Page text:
Artificial Intelligence: Adopt or Surrender

Posted: 01/02/2019 - 02:53
Like it or not, technology disruptors are changing the way companies do business, causing fear and confusion for many IT professionals. The reality is that artificial intelligence (AI) and machine learning (ML) are developing at such a rapid pace that they impact pretty much every industry and companies are failing to keep up. The other technology disruptors that most people are familiar with include the Internet of Things (IOT), cloud computing, social media and block chain.
When embarking on a digital transformation initiative, a new approach to making sense of all this data is needed. AI and ML (the engine behind AI) enable computers to learn from data to perform specific tasks without manual interference. It provides analysis and drives insights to users, addressing the large amounts of structured and unstructured data that companies increasingly need to consider as part of their decision-making process. According to MIT and IBM, a staggering 81 percent of businesses do not yet understand the data required for AI (but plan to).
The benefits of leveraging AI and analytics are huge with AI increasingly capable of outsmarting and outperforming humans. Unsurprisingly, this causes alarm for people who fear their jobs may be replaced by automation.
According to KMR Research, within 5 years, 85 percent of Chief Marketing Officers (CMOs) expect that AI will change their workforce by requiring new skill sets (40 percent) or reducing the number of jobs (45 percent). Few CMOs expect no change at all (11 percent).
How will AI affect individual roles? Research has found executives are evenly divided on the question of whether AI will produce job losses or job gains overall. Chief executives are among those least convinced that AI adoption will result in more overall job losses. Only 38 percent of surveyed CEOs expect workforce reductions due to AI. The effects of AI on the workforce won’t be uniform. Managers need to address the concerns of their employees through reskilling, change management and communication.
According to Accenture, 81 percent of executives agree that within the next two years, AI will work next to humans in their organizations, as co-workers, collaborators and trusted advisors. 72 percent of executives report that their organizations seek to gain customer trust and confidence by being transparent in their AI-based decisions and actions.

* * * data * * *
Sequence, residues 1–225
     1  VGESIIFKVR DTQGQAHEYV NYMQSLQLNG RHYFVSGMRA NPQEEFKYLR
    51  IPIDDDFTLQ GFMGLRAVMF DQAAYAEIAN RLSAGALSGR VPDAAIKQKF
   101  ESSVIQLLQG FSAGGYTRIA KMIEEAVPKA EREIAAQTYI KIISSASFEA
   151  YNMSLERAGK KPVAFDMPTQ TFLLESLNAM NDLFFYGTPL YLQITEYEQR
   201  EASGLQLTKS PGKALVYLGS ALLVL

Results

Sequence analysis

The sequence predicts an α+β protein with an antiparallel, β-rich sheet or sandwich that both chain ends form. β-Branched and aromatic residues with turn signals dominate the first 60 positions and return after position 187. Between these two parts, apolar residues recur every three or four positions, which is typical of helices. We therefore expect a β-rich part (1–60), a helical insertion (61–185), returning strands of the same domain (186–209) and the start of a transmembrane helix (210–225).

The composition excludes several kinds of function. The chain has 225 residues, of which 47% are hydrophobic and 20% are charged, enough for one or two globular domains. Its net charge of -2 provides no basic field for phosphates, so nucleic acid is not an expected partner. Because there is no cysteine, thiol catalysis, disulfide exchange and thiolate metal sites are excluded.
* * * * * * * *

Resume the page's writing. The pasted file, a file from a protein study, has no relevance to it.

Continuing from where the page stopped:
Let’s not forget that AI is already here and working effectively alongside human counterparts. Companies must embrace it and recognize AI as a partner to their people. Implementing AI improves responsibility, fairness and transparency, enabling businesses to create a collaborative, powerful new member of the workforce.
If you do not have the skills in-house to develop a digital transformation strategy that embraces AI, work with a trusted advisor who can help and assist you, as it is not a simple task with many things that need to be taken into consideration. Having lots of data has no value, unless it’s backed up and analysed appropriately. From that point on you can begin to drive valuable insights.
In a rapidly expanding digital marketplace, legacy companies without a clear digital transformation strategy are being left behind. New technologies are changing the very infrastructure of business. So, how do you keep up? It is critical to embrace an AI strategy for your company – competition is fierce, and the reality is that if you do not, then you will be left behind.
While we talk about AI as a technology disruptor which of course it is, it is also important to realise that technology is simply an enabler. The Uber App is not killing off the taxi business, it's the expensive fares and lack of availability; Airbnb isn’t killing the travel industry, it's the limited availability and pricing; Apple isn’t killing the music industry, forcing people to buy full length albums is the problem; and Netflix did not kill the video industry, it was Blockbuster’s late fees. In these cases, and in many more, technology by itself is NOT the disruptor. All these successful organisations identified their customer needs and preferences and catered to them.
Not being customer centric and knowing your customer is the biggest threat to any business. It truly is a case of adopt an AI strategy or be prepared to surrender your market position.

About The Author

Graham Fell's picture
Graham Fell serves as Executive Vice President for FlexDev for the U.S and Asia Pacific. He is also responsible for marketing and building out the go to market strategy and partner eco-system. Graham has extensive experience in marketing and strategy and has held senior positions at Intel and Hewlett Packard Enterprise. Before FlexDev, Graham was CEO to PROLIFY – a global sales and marketing services company for the high-tech industry. At FlexDev, Graham is also responsible for building out the Next Generation Delivery Center concept (NGDC) to help future-proof enterprises and regularly participates in discussions and think tank forums to discuss the future of outsourcing. Graham speaks at Universities and technical institutes on the current technology shifts/trends in IT and the challenges that come with it. Graham works in the US, France, and London.